April 25, 2012

Helpful Formulas for Email Marketing Analysis

by Steven DuBois, Bronto Marketing Strategist

In a previous post Email Metrics 101: Establish Your Baselines, we discussed some of the key metrics you want to track. Whether you're new to email marketing or a seasoned pro, it's critical to create baselines around your marketing program. Baselines are a specific value or values that can serve as a comparison or control.  This is what you are going to be measuring against to answer questions like "how do this month’s email metrics compare to my overall metrics" or "how are my birthday triggered emails performing in comparison to all my other emails."

If you haven’t calculated your baselines yet, then I recommend starting with the past 30 days worth of data to use for the basis of comparison.  Aggregate those metrics and then calculate the overall rates.

For those of you that have had some time to establish a baseline and you have been gathering additional data from the campaigns, what are you doing or going to do with all that data?

Get Organized

You first want to determine where to start by figuring out what to analyze:

  • Subject Line
  • Holiday Season Performance
  • Important results
  • What really matters to overall email marketing performance

Start Asking Questions

If you are not sure where to start, your company/boss/peers will most likely always want to know:

  • What was learned?
  • How much revenue was earned?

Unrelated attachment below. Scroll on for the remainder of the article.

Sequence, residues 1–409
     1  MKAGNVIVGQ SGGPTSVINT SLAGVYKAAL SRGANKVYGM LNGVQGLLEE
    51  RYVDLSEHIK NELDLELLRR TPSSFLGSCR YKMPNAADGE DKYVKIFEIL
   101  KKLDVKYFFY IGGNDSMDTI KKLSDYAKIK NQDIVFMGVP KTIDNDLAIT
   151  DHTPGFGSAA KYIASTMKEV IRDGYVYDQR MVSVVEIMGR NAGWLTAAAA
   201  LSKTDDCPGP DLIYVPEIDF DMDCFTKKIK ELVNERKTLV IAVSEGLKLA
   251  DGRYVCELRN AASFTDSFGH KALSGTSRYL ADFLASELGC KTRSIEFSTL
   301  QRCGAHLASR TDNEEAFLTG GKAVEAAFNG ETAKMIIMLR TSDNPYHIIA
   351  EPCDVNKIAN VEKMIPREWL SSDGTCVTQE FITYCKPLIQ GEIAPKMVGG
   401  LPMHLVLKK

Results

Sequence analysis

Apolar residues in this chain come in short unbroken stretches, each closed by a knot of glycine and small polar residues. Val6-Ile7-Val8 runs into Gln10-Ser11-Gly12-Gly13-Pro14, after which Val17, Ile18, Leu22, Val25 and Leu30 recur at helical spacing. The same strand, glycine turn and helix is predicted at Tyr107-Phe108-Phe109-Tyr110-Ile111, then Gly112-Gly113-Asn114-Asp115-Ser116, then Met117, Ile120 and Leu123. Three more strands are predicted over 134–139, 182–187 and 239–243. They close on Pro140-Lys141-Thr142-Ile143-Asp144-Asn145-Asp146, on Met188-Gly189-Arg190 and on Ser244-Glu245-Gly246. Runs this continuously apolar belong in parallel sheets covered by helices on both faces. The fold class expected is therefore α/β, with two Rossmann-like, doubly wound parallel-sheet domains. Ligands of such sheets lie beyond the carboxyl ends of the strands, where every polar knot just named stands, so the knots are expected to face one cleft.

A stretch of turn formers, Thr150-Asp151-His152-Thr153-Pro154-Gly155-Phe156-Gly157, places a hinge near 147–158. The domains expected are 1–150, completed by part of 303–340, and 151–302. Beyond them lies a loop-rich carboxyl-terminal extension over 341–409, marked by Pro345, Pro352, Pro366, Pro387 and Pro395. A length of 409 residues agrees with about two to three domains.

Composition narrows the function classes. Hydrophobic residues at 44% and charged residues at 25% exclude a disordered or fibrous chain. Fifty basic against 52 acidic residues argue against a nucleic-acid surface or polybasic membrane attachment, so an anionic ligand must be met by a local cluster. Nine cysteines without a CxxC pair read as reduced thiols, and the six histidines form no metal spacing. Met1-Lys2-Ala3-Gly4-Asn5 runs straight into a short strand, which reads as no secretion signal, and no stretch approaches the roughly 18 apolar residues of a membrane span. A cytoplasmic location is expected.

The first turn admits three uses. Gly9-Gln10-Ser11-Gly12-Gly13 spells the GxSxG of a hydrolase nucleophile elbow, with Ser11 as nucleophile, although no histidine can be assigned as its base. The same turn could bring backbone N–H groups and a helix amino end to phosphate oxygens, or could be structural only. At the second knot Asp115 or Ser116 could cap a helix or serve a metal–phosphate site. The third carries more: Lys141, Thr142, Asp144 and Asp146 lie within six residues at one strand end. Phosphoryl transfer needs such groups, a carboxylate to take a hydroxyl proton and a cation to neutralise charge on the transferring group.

• How much money was spent?
  • What is the ROI?

To answer these questions you need to start by analyzing some of the data. Here is a useful formula to find percentage increases and decreases to measure performance.

Performance = [(New Metric – Old Metric) / Old Metric ] x 100

If you are looking to find out how this year’s numbers compare to last year’s numbers just plug them into the formula.  For instance, if 2010 ended with $21K in total revenue and 2011 ended with $55K in total revenue, then 2011 had a lift of 161.9% in revenue year over year.

This formula can be really eye-opening when comparing things like:

  • Tests: when you try something new you can see how much better (or worse) the test performed over the baseline
  • Month-to-month results: how is revenue trending over time?
  • Different campaign types: For example, if your welcome email conversion rate is 10.4% and your average conversion rate for broadcast marketing messages is 3.2%, then your welcome message conversion rate is 225% higher.

Another great formula that I use all the time and will help you is RPE (Revenue Per Email):

RPE = Total Revenue / Total emails Delivered

Revenue Per Email (RPE) is a great and underutilized metric. In a post in ClickZ, Jeanne Jennings, hits the nail on the head with the importance and value of doing the RPE calculation.

RPE will tell you how much revenue is generated for every email you deliver.  If you are not looking at RPE, start calculating it right now.

Calculate RPE for your individual emails, campaigns, segments, lists, tests, and keep watch of this metric over time. This will help you start analyzing the value in the emails you are sending.

I’ve been asked, “How can I calculate RPE if I am not tracking revenue?” If you are not tracking the traditional conversion that leads directly to revenue, then you are tracking some other kind of conversion: whether someone has downloaded a white paper, or submitted information. Try to use these numbers and apply them to the RPE to come up with some kind of “converting” metric.

Use the calculated performance and RPE data to start figuring out what is working, what is influencing success (or not) and try to inform the planning process. These observations are going to help you market in a more effective way moving forward.

If you've seen surprising results, let us know below in the comments section.

Steven DuBois
Marketing Strategist
 
 
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Steven DuBois, Bronto Marketing Strategist

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